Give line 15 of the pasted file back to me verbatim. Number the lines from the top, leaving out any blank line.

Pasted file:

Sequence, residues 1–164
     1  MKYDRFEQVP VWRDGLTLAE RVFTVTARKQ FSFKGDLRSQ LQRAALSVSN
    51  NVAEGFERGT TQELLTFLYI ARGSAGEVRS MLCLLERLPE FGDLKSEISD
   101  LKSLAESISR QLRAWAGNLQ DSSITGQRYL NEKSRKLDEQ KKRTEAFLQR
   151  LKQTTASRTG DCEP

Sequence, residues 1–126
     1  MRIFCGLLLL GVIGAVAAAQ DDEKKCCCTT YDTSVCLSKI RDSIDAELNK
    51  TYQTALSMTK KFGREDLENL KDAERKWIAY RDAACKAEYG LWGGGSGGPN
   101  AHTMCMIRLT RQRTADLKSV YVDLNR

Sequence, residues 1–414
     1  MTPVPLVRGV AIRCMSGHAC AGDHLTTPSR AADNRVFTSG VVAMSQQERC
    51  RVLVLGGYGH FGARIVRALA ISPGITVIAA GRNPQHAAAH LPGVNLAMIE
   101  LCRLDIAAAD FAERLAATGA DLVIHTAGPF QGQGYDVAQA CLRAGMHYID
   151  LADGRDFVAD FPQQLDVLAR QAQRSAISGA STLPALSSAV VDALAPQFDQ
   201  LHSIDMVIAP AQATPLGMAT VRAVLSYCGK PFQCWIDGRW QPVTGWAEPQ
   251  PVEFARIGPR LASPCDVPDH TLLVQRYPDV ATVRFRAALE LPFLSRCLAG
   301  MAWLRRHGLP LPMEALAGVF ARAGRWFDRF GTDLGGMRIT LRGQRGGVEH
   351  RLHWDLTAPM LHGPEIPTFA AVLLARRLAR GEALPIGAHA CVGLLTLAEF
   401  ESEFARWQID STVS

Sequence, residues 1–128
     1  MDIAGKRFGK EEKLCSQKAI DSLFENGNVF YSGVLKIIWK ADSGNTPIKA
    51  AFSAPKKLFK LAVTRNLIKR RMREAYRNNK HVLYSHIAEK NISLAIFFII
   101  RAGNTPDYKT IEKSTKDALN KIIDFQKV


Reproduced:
   201  LHSIDMVIAP AQATPLGMAT VRAVLSYCGK PFQCWIDGRW QPVTGWAEPQ